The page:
About This Issue
We are happy to present a new issue of DIEGESIS. After 17 issues and almost ten years of publishing, our journal has undergone substantial changes under the hood, by migrating to a new content management system (OJS 3, for those of you interested in technology). This ensures that DIEGESIS will offer, in years to come, a reliable service to a vibrant community of scholars and scientists working on all aspects of narrative. We will retain our Gold Standard open access policy without pay-walls or sign-up procedures for readers. Publishing will also remain free of charge for authors, whose contributions will be archived, as in the past, by the German National Library.
We established the journal in 2012, with a special issue titled “Narratology in the 21st Century. An Interdisciplinary Review.” In that issue we, the editors of DIEGESIS, offered our own thoughts on the benefits, goals, projects, and futures of narrative. In this anniversary issue, simply titled “Why Narratology?”, we once again reflect on the state of the art and future avenues for narrative research.
Matei Chihaia’s contribution examines the journalistic coverage of the Mexican region of Sinaloa in DIE ZEIT for eventfulness and tellability with the help of computational narratology. Sandra Heinen investigates postcolonial narratology and suggests that it move beyond its original aim and provide postcolonial research questions with a narratological footing. Katharina Rennhak’s article focuses on another contextualist approach, as she discusses possible reasons for the neglect of the phenomenon of ‘women writing men’ by both feminist literary critics and narratologists. Arguing for an integration of narratological and gender-oriented approaches, she charts the field of 21st-century novels by Irish women writers which feature male protagonists and narratively reconstruct masculinities. Michael Scheffel’s contribution contends that current cognitive-psychologically accentuated narratological approaches are not (yet) interested in the fact that narratives are not only created in the minds of readers, but also on paper and in the minds of the subjects who produce them. Using the example of the genesis of Arthur Schnitzler’s narrative fiction, he develops perspectives of a genetic narratology. Roy Sommer revisits the concept of narrative dynamics to include transtextual and transactional dimensions; this theoretical contribution to contextual poetics sheds new light on dialogical constellations in narrative fiction, e.g. the interdependencies between Karl Ove Knausgård’s ‘slow’ autofiction and the autobiographical novel October Child (2021) by Linda Boström Knausgård.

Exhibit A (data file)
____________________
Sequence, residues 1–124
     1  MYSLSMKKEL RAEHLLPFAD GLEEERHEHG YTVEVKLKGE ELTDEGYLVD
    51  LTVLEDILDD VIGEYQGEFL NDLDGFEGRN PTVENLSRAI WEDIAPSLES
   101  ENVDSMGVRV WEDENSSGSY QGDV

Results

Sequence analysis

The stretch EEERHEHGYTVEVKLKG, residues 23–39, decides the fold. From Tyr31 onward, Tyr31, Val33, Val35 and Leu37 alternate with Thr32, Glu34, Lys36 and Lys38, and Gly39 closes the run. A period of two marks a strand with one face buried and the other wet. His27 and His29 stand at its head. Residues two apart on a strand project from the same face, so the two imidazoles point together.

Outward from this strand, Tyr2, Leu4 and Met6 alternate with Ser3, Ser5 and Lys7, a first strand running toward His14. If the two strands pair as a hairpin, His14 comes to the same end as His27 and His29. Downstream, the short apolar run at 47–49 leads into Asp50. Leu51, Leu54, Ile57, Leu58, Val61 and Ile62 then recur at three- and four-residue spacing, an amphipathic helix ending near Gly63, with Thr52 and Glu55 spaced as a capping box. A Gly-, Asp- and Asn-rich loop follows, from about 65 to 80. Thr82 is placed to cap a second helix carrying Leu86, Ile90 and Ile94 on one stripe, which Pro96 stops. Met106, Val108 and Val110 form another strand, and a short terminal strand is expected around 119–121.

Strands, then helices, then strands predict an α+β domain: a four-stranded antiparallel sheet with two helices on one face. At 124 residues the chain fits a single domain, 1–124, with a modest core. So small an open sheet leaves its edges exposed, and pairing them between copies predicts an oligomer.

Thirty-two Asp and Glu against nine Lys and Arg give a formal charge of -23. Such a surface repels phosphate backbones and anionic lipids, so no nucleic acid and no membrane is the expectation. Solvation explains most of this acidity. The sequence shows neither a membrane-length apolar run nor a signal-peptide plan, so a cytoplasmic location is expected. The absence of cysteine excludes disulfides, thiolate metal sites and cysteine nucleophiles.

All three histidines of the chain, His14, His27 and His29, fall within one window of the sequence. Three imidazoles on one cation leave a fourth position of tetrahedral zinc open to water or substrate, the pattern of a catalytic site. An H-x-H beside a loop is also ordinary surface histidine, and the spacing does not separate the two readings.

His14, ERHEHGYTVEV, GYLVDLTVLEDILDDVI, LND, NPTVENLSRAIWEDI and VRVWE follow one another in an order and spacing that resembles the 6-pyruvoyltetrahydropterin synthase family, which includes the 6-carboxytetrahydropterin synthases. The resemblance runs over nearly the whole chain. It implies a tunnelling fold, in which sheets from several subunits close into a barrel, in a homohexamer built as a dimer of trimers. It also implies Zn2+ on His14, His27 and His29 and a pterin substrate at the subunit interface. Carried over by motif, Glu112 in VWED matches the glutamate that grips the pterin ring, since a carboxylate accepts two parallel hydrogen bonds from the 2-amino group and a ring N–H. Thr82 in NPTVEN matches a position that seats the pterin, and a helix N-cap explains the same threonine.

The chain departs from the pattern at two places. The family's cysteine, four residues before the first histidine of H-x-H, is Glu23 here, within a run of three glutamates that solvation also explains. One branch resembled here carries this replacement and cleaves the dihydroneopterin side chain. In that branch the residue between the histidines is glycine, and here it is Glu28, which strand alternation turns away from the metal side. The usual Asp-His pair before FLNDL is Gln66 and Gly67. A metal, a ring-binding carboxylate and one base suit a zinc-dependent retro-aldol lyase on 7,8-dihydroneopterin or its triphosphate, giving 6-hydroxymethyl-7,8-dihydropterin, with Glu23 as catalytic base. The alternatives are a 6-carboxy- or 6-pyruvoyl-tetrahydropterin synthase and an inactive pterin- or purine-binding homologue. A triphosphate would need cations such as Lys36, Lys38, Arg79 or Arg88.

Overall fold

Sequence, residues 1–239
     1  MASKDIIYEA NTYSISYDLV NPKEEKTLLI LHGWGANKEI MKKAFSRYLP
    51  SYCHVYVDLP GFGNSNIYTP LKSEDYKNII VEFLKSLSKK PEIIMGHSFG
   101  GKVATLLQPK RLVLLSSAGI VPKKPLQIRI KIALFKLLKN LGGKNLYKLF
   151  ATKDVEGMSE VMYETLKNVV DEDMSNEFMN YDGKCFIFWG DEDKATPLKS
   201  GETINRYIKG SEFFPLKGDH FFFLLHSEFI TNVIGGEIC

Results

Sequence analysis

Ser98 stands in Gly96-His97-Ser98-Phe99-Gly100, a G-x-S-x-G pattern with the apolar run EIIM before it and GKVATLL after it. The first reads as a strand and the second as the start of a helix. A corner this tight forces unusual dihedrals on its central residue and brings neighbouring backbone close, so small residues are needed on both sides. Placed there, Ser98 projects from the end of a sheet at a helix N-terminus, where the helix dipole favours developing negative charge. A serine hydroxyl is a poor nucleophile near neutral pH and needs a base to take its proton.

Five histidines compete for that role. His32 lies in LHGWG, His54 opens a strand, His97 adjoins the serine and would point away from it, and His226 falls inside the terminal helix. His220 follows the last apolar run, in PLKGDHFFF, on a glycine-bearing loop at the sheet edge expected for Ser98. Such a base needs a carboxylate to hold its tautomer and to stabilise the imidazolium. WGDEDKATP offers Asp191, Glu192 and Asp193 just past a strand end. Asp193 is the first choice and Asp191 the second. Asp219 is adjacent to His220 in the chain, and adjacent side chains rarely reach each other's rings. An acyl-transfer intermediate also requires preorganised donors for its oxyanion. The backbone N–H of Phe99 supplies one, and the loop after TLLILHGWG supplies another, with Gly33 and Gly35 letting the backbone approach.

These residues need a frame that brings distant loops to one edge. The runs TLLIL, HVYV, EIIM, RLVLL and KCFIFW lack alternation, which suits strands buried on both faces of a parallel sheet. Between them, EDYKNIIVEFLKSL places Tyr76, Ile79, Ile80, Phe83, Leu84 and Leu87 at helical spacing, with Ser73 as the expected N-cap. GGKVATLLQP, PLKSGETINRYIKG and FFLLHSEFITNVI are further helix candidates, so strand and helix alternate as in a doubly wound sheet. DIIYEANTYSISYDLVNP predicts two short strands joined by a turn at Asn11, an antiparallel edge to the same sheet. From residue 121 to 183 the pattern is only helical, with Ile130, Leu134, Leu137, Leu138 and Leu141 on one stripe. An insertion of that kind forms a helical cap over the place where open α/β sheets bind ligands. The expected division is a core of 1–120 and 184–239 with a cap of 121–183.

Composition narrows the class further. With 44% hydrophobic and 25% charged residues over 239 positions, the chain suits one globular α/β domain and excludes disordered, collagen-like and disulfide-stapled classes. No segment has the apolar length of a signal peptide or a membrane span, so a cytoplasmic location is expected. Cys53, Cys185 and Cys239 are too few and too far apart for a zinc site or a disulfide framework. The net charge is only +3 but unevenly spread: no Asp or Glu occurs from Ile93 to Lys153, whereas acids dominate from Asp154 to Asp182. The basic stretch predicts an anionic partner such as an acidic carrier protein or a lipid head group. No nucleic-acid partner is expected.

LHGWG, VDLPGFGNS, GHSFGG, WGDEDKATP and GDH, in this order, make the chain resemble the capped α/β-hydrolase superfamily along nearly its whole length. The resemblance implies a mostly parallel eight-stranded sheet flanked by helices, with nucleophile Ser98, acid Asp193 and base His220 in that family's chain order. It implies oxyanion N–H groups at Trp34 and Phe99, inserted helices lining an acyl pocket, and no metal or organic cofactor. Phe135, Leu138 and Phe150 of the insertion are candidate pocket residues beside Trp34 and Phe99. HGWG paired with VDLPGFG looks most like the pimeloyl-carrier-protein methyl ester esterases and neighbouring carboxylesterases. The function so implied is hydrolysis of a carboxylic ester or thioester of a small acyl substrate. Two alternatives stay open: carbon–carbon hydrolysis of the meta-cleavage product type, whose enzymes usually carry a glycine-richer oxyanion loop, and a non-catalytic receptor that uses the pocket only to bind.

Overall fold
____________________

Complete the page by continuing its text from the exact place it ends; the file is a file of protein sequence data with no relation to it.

This anniversary issue introduces two new categories. Our familiar interview section, “My Narratology,” will from now on be called, with a nod to H.G. Wells, “The Shape of Things to Come.” The new interview will focus on new research projects which seek to make an impact and advance the field in new directions. The new series begins with an introduction of an exciting collaborative project headed by Maria Mäkelä at the University of Tampere, Finland. “Instrumental Narratives” focuses on the limits of storytelling and proposes what Mäkelä and her team call a “story-critical narrative theory.” If you wish to see your project featured here, please don’t hesitate to get in touch with the editorial team: email@example.com.
The second new section, titled “Hands-On Narratology,” is brand new, indeed. Here, authors comment briefly on selected phenomena from the world of narrative, or narratives. Essays in this section discuss and demonstrate the relevance of narratological approaches for current public debates. Authors offer a provocative take on a familiar problem or on a topical issue, or they comment on a new kind of narrative. In this issue, Michael Butter reflects on the current trend to speak of ‘conspiracy narratives’ rather than use the established term ‘conspiracy theory,’ and argues against the rebranding of this phenomenon.
As usual, this issue is rounded off with two book reviews: A Poetics of Plot for the Twenty-First Century: Theorizing Unruly Narratives by Brian Richardson (2019) and Erzählte Zeiten im Roman der frühen Neuzeit. Eine historische Narratologie der Zeit by Lukas Werner (2018).
Finally, we wish to thank our in-house partner, the library of the University of Wuppertal, for providing the technological assistance for DIEGESIS; and our editorial team for all the work they invest to make DIEGESIS happen and to keep it going. Our thanks also go to our readers and contributors: welcome back, we hope you enjoy this new issue. Happy browsing!
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This work or content is licensed under a
Creative Commons Attribution-NonCommercial-NoDerivs 3.0 Unported License.